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Doctoral Dissertation Announcement
Candidate: Jennifer Lynn Coyle
Doctor of Philosophy
Department: Special Education and Literacy Studies
Title: Identifying In-School Predictors of Postsecondary Success for Students with Hearing Impairments
Dr. Paula Kohler, Chair
Dr. Brooks Applegate
Dr. David Test
Dr. Elizabeth Whitten
Date: Tuesday, October 30, 2012 10:00 a.m. to noon
3120 Sangren Hall
Students with hearing impairments are historically a low incidence disability group. Gaps in knowledge of evidence-based practices for implementing transition education and services for this population is limited, primarily as a function of the size of the population; they hove not received much attention from the educational research community. Students with hearing impairments often experience more successful outcomes in postsecondary education and employment than other disability groups, but less than those without a disability; however, we know little of the specific educational experiences associated with such success. In contrast, a body of work on predictors of post-school success for students with disabilities in general has emerged in the field of special education. This study will use information from that work to develop a set of secondary education predictor variables. Subsequently, using data from a national longitudinal transition study, these variables will be tested via a number of models to determine whether any strongly predict post-secondary education and employment outcomes for students with hearing impairments.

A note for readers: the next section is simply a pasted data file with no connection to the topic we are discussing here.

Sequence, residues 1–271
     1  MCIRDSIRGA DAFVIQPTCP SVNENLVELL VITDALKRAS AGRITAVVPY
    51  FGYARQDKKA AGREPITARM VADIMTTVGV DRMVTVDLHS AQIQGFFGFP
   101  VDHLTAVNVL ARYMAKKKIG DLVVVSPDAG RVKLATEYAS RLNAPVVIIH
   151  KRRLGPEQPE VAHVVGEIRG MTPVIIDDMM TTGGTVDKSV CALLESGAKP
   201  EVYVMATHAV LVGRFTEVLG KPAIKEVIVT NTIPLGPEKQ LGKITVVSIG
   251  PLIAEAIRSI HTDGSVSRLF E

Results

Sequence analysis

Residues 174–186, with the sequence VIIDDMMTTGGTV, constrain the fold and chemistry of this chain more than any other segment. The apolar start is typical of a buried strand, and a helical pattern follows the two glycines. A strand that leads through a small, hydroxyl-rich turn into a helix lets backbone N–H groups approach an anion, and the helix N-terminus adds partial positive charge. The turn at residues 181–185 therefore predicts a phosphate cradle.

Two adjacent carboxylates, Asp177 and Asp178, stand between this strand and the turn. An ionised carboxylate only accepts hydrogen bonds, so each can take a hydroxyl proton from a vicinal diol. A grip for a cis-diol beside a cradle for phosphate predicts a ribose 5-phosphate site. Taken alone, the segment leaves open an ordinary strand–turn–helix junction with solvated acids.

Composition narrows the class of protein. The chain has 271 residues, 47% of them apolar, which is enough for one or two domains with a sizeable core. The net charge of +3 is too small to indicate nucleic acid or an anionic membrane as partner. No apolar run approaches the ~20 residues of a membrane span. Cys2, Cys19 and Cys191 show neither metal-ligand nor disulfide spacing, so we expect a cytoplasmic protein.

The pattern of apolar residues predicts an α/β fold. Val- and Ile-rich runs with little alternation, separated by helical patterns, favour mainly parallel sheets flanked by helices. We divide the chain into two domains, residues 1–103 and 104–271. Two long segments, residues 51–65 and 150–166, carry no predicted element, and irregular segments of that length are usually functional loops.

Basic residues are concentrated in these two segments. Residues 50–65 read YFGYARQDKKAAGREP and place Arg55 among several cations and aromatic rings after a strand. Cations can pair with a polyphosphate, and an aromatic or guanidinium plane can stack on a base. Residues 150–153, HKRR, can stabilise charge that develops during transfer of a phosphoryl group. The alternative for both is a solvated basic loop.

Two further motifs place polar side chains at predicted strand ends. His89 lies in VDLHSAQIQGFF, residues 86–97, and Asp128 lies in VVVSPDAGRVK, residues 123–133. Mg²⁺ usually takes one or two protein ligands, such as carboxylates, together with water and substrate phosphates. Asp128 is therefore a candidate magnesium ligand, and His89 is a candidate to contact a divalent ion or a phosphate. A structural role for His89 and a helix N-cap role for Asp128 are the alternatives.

This study has the potential to expand the limited research in the field of transition education for students with hearing impairments and should lead to additional research to further expand knowledge of the challenges that students with hearing impairments face in high school. Finally, this study should impact the field by bringing attention to programs and provision of special and regular education that definitively benefit students with hearing impairments, as opposed to interventions in settings that do not meet their needs.